There is no doubt that the apparel business is going to change. Apparel wholesalers and retailers are going to need to have a direct-to-consumer platform in place. Right now, direct to consumer has become the premier way to shop. We think that this trend will continue even after this pandemic is over.

Wholesalers that are smart and have solid production, retail and financial partners will be very successful when this crisis is over and for years to come. We also believe there will be some interesting mergers-and-acquisitions opportunities.

In the future, we will see many businesses invest in systems to handle operations remotely. Manufacturers have to be completely prepared for any possible unforeseen problems that might occur. We believe that dealing with this pandemic now will make business owners smarter and more prepared for the future. Ultimately, we feel the apparel community will be better positioned to deal with problems and hopefully be more profitable than they ever have been before.

Rob Greenspan, President and Chief Executive, Greenspan Consult, Inc.

As I write this, I am hopeful and optimistic that over the next few months the virus will have been contained and under some form of control where we can all get back to the new normal life that we will be living in.

Over the next 12 months, the manufacturers and importers will need to review their operational structure to develop contingency plans should the situation arise. Companies should develop plans that allow employees to quickly move from working at their respective offices to working from home at almost a moment’s notice.

The fallout of retailers will have a direct impact on the survival of the manufacturer or importer. Look closely at your major customers and, if you have an economic dependence upon them, think about how you can possibly diversify.

The same is true for your trade suppliers. Don’t be dependent on any one major source of production or revenue. If they can’t survive a crisis, how will you be able to survive without them in business?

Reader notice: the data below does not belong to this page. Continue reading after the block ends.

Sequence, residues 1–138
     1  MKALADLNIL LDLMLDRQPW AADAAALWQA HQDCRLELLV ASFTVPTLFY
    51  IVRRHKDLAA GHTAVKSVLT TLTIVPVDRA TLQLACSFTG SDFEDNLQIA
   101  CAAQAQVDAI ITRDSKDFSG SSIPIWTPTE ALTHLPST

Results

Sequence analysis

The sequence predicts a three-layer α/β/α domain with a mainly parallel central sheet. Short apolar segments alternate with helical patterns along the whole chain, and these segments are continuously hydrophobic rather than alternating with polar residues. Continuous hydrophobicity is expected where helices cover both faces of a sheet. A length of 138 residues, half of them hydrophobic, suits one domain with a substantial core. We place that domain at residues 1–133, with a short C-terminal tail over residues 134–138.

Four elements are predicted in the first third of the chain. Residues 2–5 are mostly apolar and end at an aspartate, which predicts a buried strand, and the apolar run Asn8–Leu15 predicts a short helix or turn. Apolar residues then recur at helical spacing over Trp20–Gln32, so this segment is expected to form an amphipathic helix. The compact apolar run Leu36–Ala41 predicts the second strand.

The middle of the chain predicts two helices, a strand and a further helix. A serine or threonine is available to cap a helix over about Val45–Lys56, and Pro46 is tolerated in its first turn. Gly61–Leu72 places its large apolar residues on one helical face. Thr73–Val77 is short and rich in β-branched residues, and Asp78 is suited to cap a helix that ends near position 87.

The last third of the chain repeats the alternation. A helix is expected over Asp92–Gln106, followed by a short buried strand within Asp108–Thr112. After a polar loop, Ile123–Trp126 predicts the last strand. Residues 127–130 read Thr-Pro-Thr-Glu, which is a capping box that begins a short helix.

Over the next three to five years, apparel companies need to develop better risk-management and contingency plans. Those plans should include being able to have all of the company’s technology able to work remotely; employee plans for those you need to work full-time and those whose time might be limited to part-time or less; adequate insurance coverage, if available, to offset future losses; and of course alternative suppliers of product.

Lastly, and especially in times of crisis, stay as liquid as you can so you are not dependent on the actions and decisions of your lender. Have enough equity and liquidity in your company so you have financial control and are not subject to the decisions of someone else.

Robert Meyers, President, Republic Business Credit, LLC

Republic feels a tremendous amount of pride, compassion and empathy for the apparel industry going through this current period. Throughout all of the challenges and obstacles our industry is experiencing at the moment, we have extreme confidence in the resilience and perseverance of our industry.

Whether it has been depressions, recessions, port strikes or earthquakes, our industry has always found a way through by continuing to innovate and reinvent themselves. We have seen a tremendous short-term surge in face masks and other essential medical supplies. We have also seen a shift into serving the grocery, logistics and working-from-home constituencies in recent weeks. I don’t know what the apparel industry will look like in three or five years, but I know the entrepreneurs in the space will thrive, innovate and run through whatever obstacles get in their way. Good luck to all of our friends and partners during this storm. As they say, “this too shall pass.”

David M. Reza, Senior Vice President Western Region, Milberg Factors, Inc.

As this issue goes to press, we are still in the throes of the COVID-19 crisis, and the amount of infections, deaths and pressure on our first responders and healthcare providers has not yet peaked. On behalf of all of us at Milberg Factors we would like to extend our hopes that everyone in the extended apparel and textile communities is safe and healthy.

Unemployment nationwide will reach 15 to 20 percent according to some forecasts. It will probably be much higher in the apparel and textile industries. There has already been and will be a significant reduction in apparel/textile-related jobs both here and in producing areas such as Asia. As business picks back up, some will find that their jobs have been permanently eliminated.